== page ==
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Front. Environ. Sci., 19 January 2023
Sec. Atmosphere and Climate
Volume 10 - 2022 |

Integration of shapley additive explanations with random forest model for quantitative precipitation estimation of mesoscale convective systems

www.frontiersin.orgZheyu He1 www.frontiersin.orgYuanjian Yang1* www.frontiersin.orgRunzhuo Fang1 www.frontiersin.orgShaohui Zhou1 www.frontiersin.orgWenchuan Zhao1 www.frontiersin.orgYingjie Bai2 www.frontiersin.orgJunsheng Li1 www.frontiersin.orgBo Wang3
  • 1Collaborative Innovation Centre on Forecast and Evaluation of Meteorological Disasters, Key Laboratory for Aerosol-Cloud-Precipitation of China Meteorological Administration, School of Atmospheric Physics, Nanjing University of Information Science & Technology, Nanjing, China
  • 2China Flight Test Establishment, Xi’an, China
  • 3Boyan Information Technology (Xi’an) Co Ltd, Xi’an, China

Mesoscale convective cloud systems have a small horizontal scale and a short lifetime, which brings great challenges to quantitative precipitation estimation (QPE) by satellite remote sensing. Combining machine learning models and geostationary satellite spectral information is an effective method for the QPE of mesoscale convective cloud, while the interpretability of machine learning model outputs remains unclear. In this study, based on Himawari-8 data, high-density automatic weather station observations, and reanalysis data over the North China Plain, a random forest (RF) machine learning model of satellite-based QPE was established and verified. The interpretation of the output of the RF model of satellite-based QPE was further explored by using the Shapley Additive Explanations (SHAP) algorithm. Results showed that the correlation coefficient between the predicted and observed precipitation intensity of the RF model was .64, with a root-mean-square error of .27 mm/h. The importance ranking obtained by SHAP model is completely consistent with the outputs of random forest importance function. This SHAP method can display the importance ranking of global features with positive/negative contribution values (e.g., current precipitation, column water vapor/black body temperature, cloud base height), and can visualize the marginal contribution values of local features under interaction. Therefore, combining the RF and SHAP methods provides a valuable way to interpret the output of machine learning models for satellite-based QPE, as well as an important basis for the selection of input variables for satellite-based QPE.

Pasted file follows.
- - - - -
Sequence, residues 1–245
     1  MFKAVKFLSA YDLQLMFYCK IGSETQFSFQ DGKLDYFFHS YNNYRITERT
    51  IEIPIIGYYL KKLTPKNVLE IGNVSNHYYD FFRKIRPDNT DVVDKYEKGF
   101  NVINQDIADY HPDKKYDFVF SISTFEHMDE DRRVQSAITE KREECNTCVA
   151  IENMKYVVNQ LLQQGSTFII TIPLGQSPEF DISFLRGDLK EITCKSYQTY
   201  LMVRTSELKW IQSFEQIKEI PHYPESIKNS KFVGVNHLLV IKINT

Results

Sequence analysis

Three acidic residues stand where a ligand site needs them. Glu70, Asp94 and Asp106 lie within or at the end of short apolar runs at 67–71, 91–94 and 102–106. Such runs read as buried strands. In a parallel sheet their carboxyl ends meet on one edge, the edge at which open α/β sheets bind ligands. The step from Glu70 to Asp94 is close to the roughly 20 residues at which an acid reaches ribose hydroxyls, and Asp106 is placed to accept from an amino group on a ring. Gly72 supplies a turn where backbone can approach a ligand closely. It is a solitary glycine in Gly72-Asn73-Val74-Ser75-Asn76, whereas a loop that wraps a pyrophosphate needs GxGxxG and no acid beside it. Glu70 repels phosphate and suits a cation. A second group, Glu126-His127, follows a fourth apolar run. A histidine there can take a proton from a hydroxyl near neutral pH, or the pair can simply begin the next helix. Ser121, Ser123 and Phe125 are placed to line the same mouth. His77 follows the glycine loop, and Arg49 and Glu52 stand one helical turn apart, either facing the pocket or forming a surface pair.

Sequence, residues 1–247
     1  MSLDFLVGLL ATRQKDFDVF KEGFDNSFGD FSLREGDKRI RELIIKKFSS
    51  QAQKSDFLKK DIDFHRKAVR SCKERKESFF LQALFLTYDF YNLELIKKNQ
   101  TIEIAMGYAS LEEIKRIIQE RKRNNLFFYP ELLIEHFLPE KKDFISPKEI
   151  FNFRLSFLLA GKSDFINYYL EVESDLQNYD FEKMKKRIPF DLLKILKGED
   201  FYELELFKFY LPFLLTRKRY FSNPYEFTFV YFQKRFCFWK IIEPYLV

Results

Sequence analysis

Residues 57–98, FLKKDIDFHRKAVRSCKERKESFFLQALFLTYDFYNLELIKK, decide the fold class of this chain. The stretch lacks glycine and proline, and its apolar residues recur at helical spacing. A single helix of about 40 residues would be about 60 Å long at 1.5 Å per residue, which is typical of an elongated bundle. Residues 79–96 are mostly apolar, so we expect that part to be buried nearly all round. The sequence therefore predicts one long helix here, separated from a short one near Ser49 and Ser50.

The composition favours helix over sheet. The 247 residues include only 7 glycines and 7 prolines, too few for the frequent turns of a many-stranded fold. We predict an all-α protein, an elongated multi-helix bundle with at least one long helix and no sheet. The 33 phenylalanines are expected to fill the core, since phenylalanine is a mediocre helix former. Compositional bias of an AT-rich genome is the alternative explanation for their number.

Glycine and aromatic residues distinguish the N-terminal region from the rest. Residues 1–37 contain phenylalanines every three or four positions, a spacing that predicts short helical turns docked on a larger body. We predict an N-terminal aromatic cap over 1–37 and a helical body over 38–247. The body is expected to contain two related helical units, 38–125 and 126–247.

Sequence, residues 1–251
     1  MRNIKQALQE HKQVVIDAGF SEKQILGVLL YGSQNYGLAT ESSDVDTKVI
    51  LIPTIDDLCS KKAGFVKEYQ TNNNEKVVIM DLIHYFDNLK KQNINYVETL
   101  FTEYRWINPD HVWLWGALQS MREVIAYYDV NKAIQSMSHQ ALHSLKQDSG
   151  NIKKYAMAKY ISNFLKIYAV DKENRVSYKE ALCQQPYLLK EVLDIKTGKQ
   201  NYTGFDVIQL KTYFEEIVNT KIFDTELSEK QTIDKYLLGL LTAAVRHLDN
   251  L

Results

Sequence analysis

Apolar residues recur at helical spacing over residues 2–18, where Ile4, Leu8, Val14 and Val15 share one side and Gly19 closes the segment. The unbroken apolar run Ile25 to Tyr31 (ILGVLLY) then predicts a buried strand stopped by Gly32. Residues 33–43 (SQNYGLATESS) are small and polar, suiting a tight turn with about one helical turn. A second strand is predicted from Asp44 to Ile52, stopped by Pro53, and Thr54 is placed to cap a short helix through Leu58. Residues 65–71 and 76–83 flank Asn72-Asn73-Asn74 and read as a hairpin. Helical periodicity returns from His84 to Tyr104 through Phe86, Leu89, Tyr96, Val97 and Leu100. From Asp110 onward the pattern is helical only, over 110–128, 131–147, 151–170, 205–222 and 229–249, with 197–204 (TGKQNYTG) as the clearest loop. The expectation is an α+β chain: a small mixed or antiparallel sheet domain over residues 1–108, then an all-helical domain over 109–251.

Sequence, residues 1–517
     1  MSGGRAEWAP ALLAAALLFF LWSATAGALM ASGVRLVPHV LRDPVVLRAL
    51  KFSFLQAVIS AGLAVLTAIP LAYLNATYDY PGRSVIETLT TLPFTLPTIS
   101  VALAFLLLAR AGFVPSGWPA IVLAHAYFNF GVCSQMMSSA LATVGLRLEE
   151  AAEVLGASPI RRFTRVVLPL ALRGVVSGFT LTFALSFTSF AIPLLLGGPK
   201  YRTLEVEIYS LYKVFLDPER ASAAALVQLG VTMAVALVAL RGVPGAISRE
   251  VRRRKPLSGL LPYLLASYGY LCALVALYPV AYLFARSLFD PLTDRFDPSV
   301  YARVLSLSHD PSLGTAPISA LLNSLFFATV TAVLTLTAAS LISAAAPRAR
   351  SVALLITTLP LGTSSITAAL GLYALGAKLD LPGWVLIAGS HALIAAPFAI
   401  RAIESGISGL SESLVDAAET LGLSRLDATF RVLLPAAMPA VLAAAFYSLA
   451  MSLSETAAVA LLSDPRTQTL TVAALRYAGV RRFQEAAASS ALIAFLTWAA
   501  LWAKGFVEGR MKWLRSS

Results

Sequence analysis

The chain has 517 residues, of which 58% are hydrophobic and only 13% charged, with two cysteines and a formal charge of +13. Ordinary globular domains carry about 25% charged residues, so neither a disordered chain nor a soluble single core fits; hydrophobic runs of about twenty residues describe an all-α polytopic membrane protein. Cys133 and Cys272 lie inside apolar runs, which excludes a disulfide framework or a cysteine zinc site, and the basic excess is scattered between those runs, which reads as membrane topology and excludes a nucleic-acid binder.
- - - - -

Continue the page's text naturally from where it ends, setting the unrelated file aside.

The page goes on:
1 Introduction

Precipitation plays an important role in the interaction of the hydrosphere, atmosphere and biosphere (Hobbs, 1989; Ren et al., 2021). A measurement of this quantity is needed not only for an understanding of atmospheric processes but also for a wide range of practical applications ranging from flood forecasting and water resource management to microwave communications. Its uneven spatial and temporal distribution often lead to extreme weather events such as rainstorms and drought, which have a serious impact on human activities (Futrell et al., 2005; Gao, 2022). Traditional ground-station observations of precipitation exhibited extremely high measurement accuracy on the point scale, but they cannot accurately reflect the precipitation on the regional scale owing to the sparse distribution and network density of stations. Ground-based radar observations can give the spatial and temporal distribution of precipitation within a 300-km radius range, but their spatial coverage cannot be scaled up to the global scale (Li et al., 2021a). With the development of meteorological satellites, satellite-based quantitative precipitation estimation (QPE) technology has been greatly conducted (Tang et al., 2015; Yang et al., 2018; Zheng et al., 2021). Because precipitation is a highly complex process, however, there is a non-linear relationship between the surface precipitation intensity and cloud-top optical physical variables, resulting in certain limitations in the precipitation estimation equation constructed with statistical methods (Atkinson and Tatnall, 1997).

Machine learning has been widely proved to be effective for solving such complicated problems that have non-linear correlation among their numerous inner components, to which it is extremely difficult to set up simple physical models by using ordinary mathematic analysis or statistical skills (El-Alfy and Mohammed, 2020). Therefore, machine learning algorithms such as random forests have the advantages in satellite-based QPE (Li et al., 2021b; Lao et al., 2021; Lao et al., 2021). However, most of their working processes are in a black box state, extremely complex, lack transparency, and are often difficult to interpret and fully understand. (Barredo Arrieta et al., 2019; Vilone and Longo, 2020). Currently, most studies set out to improve the accuracy of machine learning models for QPE and ignore the interpretation of the output of the machine learning model and the interaction between input variables (Bochenek and Ustrnul, 2022). In general, the complexity of a random forest is proportional to the number of training samples and decision trees. The deeper the decision tree, the more leaf nodes, and the higher the complexity of the random forest. However, with the increase in the complexity of the model, it has become a greater challenge to interpret the output of machine learning algorithms, and the interpretability of machine learning is still an issue. Models trained through algorithms are treated as black boxes, seriously hampering the use of machine learning in certain areas. As an interpretable approach to artificial intelligence, the Shapley Additive Explanations (SHAP) algorithms are defined as arbitrary interpreted approximations of the original model and are compatible with several types of machine learning algorithm (Pathy, et al., 2020; Ning et al., 2022). Machine learning algorithms used in combination with SHAP include random forest (RF) (Kim and Kim, 2022), extreme gradient enhancement algorithm (XGBoost) (Min, et al., 2022) and gradient enhanced decision tree (LightGBM) (Wen et al., 2021), etc.